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COR expert provides tips for attaining certification

Angela Gismondi
COR expert provides tips for attaining certification
ANGELA GISMONDI — Scott Needs, COR consultant, Infrastructure Health and Safety Association, provided some lessons learned and advice for getting COR certified during the inaugural COR Summit hosted by eCompliance safety software in Toronto recently.

Attendees at the recent COR Summit in Toronto were given tips from an insider on how to be successful going through the Certificate of Recognition (COR) program.

Scott Needs, a COR consultant with the Infrastructure Health and Safety Association (IHSA), urged the audience to use the tools and resources that are available.

“There are quite a few tools out there,” said Needs. “COR audit instructions give you some basic guidelines of how to go through this. But what’s really important if you’re starting your journey through COR, please download the COR handbook on our website. It’s been very helpful.”

Certification for COR, a health and safety audit tool and training program, is granted through the IHSA. While it has been around for decades in western Canada, it is still relatively new in Ontario.

“The unfortunate part is there are not a lot of peers in Ontario,” said Needs, adding the summit, hosted by eCompliance safety software, is a great way to bring health and safety professionals together to discuss their experiences. “Now there are a bunch of peers in the room that can share information, share successes and share stories of what was positive and what was negative so we can all grow.”

Needs said there are a lot of instructions and it is important to read through all of them. He also said consultants are available to help answer any questions.

“If you’re not sure about something give us a call,” said Needs. ”You can’t say anything wrong to us. If you ask a solid question we will give you a solid answer. If it’s not the one you want to hear, I’ll try a different way. If it does not compute with the two of us maybe you can talk to one of my colleagues, maybe they have a different version that can help you out.”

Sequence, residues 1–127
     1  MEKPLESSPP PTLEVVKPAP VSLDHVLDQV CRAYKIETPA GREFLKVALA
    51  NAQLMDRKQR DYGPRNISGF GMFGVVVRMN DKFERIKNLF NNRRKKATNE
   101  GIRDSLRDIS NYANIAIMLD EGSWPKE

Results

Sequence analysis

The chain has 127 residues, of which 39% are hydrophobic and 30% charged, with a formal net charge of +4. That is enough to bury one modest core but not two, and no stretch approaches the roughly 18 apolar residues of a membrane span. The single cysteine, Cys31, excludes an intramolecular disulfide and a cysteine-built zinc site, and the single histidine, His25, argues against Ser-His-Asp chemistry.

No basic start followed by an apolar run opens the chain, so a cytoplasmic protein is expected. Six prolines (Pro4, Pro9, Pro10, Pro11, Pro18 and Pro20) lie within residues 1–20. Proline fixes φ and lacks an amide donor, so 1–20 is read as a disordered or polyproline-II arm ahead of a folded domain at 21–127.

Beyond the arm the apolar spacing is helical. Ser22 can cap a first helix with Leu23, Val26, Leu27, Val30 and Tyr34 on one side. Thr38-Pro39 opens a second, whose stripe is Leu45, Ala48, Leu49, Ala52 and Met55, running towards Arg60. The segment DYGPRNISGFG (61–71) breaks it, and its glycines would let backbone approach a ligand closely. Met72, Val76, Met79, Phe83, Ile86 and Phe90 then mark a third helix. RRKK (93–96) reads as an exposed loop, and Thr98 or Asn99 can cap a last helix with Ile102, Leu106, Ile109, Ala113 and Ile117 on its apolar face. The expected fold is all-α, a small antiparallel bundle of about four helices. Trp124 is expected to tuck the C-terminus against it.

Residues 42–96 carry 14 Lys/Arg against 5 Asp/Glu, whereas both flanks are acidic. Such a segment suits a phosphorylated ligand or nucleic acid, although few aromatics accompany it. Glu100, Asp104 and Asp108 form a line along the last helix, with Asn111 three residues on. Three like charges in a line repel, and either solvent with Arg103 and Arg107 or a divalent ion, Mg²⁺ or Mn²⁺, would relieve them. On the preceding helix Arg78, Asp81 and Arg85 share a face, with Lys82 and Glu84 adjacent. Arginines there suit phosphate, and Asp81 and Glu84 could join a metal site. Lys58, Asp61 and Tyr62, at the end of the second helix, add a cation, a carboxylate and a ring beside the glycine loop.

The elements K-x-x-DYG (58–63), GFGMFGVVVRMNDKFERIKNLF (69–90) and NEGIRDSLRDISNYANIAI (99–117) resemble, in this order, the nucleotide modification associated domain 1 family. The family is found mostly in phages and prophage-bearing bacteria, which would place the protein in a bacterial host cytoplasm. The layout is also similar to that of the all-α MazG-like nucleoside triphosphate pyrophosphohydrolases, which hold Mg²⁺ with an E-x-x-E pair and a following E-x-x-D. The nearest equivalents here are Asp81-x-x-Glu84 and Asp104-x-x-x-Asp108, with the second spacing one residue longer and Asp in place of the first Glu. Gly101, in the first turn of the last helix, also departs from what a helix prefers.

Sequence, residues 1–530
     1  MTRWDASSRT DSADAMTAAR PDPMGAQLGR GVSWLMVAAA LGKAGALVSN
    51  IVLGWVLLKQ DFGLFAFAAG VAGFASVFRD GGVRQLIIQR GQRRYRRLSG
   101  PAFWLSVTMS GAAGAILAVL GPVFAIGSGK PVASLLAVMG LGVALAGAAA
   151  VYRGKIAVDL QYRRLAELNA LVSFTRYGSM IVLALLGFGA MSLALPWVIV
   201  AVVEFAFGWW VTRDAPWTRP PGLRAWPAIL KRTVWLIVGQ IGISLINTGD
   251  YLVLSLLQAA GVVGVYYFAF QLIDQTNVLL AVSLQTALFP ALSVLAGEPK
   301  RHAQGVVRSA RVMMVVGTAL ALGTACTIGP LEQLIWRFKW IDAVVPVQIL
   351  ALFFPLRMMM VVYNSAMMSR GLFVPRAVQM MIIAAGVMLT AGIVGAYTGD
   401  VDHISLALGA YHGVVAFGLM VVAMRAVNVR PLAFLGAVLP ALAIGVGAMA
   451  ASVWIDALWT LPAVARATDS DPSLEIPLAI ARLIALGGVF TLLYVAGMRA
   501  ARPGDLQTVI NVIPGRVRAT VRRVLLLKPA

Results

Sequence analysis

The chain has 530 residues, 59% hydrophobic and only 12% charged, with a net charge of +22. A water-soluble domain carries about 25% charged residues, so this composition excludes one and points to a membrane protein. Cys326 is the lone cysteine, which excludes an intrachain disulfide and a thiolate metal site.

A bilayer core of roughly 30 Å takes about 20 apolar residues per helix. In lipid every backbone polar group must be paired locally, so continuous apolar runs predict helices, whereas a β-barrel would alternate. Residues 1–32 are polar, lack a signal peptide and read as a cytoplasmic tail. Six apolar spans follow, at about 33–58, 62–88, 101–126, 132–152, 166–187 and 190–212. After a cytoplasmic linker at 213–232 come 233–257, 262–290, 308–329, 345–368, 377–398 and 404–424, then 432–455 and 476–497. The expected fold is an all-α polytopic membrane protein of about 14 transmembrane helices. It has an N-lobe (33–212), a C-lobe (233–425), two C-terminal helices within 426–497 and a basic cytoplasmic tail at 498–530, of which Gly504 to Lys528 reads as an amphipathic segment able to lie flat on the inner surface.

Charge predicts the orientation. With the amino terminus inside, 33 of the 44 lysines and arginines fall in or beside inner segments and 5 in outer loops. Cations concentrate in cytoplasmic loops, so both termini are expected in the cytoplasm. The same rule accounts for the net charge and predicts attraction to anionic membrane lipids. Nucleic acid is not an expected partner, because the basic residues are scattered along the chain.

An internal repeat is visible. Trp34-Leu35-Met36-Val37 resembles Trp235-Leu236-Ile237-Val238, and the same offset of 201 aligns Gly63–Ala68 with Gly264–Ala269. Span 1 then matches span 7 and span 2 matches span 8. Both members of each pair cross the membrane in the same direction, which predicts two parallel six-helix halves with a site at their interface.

For those who do not follow the proper process, the audit may be returned.

 

Write your auditor notes like you are presenting it to your management

— Scott Needs

Infrastructure Health and Safety Association

 

“You may have to revise it and resubmit and your timelines for achieving COR can be impacted,” he said, adding he often deals with companies who want to be certified overnight.

Revising your safety management system before the audit is important, he said.

“A piece of paper is just black and white but you also need that culture piece, you’ve got to get out there and talk to people, see what is going on and that’s really where you are verifying if that system works,” explained Needs. “Whoever the ‘Negative Nancy’ or ‘Terrible Tom’ is in your system, give them your manual and say ‘did I do this correctly?’ They will rip it apart and give you every mistake. Use their negative energy to help you out because it really is an audit so if they can find some of the mistakes in your submissions you will be successful going through.”

With respect to the audit document, he said it’s important to know what legislation applies to your company.

When completing the audit tool, it’s really important to note that auditors only follow directions.

“I can’t guess at what is going on so when you are filling out these audit tools simply follow the questions and provide a positive response,” said Needs.

“Write your auditor notes like you are presenting it to your management, not like you’re presenting to the auditor. If you provide me with a great answer and highlight where I can find it and it’s very straightforward that this is where I have to look, I can move on.”

One simple tip is make sure all the required documents and tools are there and complete before submitting.

“There’s an easy checklist of things to go through just so you don’t forget,” said Needs. “Believe it or not 25 per cent of the time we get no audit tool…I don’t know if they’re excited about handing in COR and they just forgot or they didn’t follow the training instructions.”

He also stressed the importance of taking a team-based approach and not having just one person do the audit. Everybody needs to be involved, especially management.

“It’s not your audit, it’s your management’s audit that you’re submitting to IHSA,” Needs pointed out.

“If it is ‘me, me, me’ then I share the success and I share all the blame with myself. So please involve as many people as you can, get them in there and get senior managers’ signatures on it. It’s their submission of your information so they are verifying all of this…most of the success for your audit submission has nothing to do with me. It has to do with the team that put it together.”

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